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X-MEN 2

IAN McKELLEN (Magneto) reprises his role as the strongest and most powerful mutant. X2 reunites McKellen and director Bryan Singer, with whom he previously collaborated on the 1998 film "Apt Pupil," as well as on "X-Men."

Last year, McKellen was nominated for an Academy Award for Best Supporting Actor for his performance as Gandalf the Grey in Peter Jackson's "The Lord of the Rings: The Fellowship of the Ring." In September of 2001 he celebrated his fortieth anniversary as an actor with a return to Broadway, starring opposite Helen Mirren in Richard

Greenburg's new adaptation of Strindberg's "Dance of Death," directed by Sean Mathias. Recently, he was a guest "voice" on "The Simpsons."

McKellen, who was knighted in 1991 for his services to the performing arts, has been honored with more than thirty international awards for his performances on stage and latterly on screen. He won the Tony Award as Salieri in Peter Shaffer's "Amadeus" (1981); and an Emmy Award as Best Supporting Actor in HBO's "Rasputin" (1996).

He was European Actor of the Year for his screen version of "Richard III" (1996); and received Academy Award, Golden Globe, Screen Actors Guild Award and Golden Satellite nominations for Best Actor for his portrayal of Hollywood director James Whale in Bill Condon's "Gods and Monsters" (1999).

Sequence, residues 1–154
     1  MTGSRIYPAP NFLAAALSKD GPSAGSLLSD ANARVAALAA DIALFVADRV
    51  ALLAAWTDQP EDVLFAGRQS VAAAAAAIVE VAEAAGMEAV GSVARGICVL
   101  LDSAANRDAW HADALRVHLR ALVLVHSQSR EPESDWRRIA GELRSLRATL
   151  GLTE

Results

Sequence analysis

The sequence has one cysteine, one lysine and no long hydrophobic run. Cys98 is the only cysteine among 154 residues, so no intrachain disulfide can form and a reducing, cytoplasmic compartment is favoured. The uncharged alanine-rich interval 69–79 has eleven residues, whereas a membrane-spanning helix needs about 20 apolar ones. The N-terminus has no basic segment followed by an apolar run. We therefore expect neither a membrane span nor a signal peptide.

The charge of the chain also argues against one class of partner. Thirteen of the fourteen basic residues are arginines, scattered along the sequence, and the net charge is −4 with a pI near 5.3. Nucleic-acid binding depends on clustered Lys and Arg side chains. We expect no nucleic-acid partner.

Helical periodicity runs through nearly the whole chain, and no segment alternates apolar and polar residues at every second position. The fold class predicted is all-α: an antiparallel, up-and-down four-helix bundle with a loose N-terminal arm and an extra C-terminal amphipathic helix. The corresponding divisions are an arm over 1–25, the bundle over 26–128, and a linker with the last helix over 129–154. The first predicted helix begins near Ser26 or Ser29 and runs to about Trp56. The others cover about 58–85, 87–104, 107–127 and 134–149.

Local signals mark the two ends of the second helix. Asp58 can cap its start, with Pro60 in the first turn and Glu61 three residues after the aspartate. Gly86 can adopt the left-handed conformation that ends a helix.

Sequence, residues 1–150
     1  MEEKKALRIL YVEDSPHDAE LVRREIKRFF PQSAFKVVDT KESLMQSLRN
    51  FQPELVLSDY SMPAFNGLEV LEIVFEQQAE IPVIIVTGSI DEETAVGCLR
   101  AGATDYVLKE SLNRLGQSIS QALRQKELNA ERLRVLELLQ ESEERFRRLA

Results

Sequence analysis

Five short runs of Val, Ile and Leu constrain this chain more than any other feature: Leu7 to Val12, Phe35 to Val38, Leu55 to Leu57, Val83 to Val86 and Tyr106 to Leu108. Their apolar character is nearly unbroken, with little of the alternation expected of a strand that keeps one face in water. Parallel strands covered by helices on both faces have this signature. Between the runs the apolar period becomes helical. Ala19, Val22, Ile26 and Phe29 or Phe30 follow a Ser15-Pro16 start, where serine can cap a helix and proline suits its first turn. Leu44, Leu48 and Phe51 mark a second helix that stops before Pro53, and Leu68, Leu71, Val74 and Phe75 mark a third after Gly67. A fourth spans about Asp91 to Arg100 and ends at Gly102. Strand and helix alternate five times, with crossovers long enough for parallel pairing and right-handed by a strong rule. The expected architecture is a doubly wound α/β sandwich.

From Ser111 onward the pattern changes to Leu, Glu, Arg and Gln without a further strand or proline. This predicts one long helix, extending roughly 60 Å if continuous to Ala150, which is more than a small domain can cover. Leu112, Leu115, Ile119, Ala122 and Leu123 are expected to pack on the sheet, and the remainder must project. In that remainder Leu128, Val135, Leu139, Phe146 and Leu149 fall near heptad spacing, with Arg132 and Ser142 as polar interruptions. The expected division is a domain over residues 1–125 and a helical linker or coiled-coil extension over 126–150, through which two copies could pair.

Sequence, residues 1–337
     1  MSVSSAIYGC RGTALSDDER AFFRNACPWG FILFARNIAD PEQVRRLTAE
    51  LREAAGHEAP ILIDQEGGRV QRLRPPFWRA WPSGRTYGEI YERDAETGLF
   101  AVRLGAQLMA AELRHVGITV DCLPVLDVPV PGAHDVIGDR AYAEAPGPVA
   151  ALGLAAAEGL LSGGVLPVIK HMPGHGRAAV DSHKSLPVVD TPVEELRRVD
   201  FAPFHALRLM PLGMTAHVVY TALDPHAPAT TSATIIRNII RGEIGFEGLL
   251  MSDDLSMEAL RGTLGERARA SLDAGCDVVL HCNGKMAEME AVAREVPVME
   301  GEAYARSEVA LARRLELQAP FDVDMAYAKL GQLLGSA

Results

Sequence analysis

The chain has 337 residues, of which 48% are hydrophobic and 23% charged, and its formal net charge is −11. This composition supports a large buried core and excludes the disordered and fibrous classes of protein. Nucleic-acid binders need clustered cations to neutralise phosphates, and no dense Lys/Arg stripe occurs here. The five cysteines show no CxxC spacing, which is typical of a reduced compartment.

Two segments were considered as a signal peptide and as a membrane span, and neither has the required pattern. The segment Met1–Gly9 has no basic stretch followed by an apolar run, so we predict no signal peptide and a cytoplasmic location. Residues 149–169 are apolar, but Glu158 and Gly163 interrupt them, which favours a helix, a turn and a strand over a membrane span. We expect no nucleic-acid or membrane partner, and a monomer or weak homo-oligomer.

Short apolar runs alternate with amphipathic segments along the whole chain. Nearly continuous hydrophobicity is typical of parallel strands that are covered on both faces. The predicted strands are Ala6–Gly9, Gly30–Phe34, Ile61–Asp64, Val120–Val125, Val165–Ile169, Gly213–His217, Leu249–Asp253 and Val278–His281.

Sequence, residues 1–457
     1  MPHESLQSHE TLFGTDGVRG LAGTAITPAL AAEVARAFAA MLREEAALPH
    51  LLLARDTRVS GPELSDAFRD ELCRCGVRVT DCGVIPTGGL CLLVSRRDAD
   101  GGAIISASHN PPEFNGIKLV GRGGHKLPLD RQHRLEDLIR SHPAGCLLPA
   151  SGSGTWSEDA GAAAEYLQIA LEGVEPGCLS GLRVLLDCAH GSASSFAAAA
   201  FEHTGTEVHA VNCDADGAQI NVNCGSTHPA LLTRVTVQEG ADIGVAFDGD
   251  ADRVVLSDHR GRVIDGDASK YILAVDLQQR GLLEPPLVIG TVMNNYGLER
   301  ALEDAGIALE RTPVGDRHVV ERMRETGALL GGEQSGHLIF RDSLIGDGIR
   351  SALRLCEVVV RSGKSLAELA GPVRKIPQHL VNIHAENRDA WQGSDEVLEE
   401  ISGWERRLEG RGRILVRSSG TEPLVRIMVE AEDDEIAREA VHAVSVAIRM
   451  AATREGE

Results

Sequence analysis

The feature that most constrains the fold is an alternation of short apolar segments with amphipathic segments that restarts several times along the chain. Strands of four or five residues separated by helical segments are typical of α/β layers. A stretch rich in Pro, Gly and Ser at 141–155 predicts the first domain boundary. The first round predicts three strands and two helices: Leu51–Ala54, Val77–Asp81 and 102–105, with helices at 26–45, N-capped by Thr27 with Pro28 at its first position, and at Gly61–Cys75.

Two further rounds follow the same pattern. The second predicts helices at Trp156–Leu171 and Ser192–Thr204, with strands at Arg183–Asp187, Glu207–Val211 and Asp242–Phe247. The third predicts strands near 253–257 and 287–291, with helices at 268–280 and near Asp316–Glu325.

McKellen's numerous motion picture credits also include "Swept From the Sea," "Bent," "Thin Ice," "Restoration," "Jack and Sarah," "The Shadow," "Cold Comfort Farm," "And the Band Played On" (for which he won a CableACE Award and received an Emmy Award nomination for Best Supporting Actor), "Six Degrees of Separation," "Last Action Hero," "I'll Do Anything," "The Ballad of Little Jo," "Scandal," "Plenty," "Zina," "The Keep," "Walter," "Priest of Love," "The Promise," "Alfred the Great," "A Touch of Love/Thank You All Very Much" and "The Bells of Hell Go Ting-A-Ling-A-Ling."

McKellen was born in the industrial north of England on May 25, 1939, the son of a civil engineer. He first acted at school and at Cambridge University, where he studied English Literature and appeared in twenty-one undergraduate productions. Without any formal dramatic training, he made his professional debut in 1961 at the Belgrade Theatre in Coventry. Then, for three seasons, he worked his apprenticeship with other regional companies, culminating with the opening of the Nottingham Playhouse, where he was directed by his childhood hero, Tyrone Guthrie.

His first London appearance in "A Scent of Flowers" (1964) won him the Clarence Derwent Award and an invitation from Laurence Olivier to join his new National Theatre Company at the Old Vic Theatre. This was followed by two seasons with the touring Prospect Theatre, storming the 1969 Edinburgh Festival as Shakespeare's Richard II and Marlowe's Edward II. These played for two sell-out seasons in London and were televised, as well. His "Hamlet" followed, and established McKellen as one of the leading classical actors of his generation. In 1972, he co-founded the democratically run Actors' Company, which visited the Brooklyn Academy of Music in 1974.

His work with the Royal Shakespeare Company (RSC) at Stratford-upon

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